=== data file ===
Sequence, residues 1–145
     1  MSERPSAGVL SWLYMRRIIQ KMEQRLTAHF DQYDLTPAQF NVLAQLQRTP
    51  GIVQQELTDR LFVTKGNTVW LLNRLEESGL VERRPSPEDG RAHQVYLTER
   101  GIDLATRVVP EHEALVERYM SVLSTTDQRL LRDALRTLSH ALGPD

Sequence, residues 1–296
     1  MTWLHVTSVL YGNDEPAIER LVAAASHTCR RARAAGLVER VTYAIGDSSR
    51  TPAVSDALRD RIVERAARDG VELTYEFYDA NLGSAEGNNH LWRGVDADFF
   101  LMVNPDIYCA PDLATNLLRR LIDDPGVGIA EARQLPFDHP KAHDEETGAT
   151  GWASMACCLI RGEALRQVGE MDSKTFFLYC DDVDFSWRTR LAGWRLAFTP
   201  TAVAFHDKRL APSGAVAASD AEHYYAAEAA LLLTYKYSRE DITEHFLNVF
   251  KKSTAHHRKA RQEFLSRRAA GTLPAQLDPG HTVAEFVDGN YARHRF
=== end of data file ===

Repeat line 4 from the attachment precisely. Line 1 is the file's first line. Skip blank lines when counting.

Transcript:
   101  GIDLATRVVP EHEALVERYM SVLSTTDQRL LRDALRTLSH ALGPD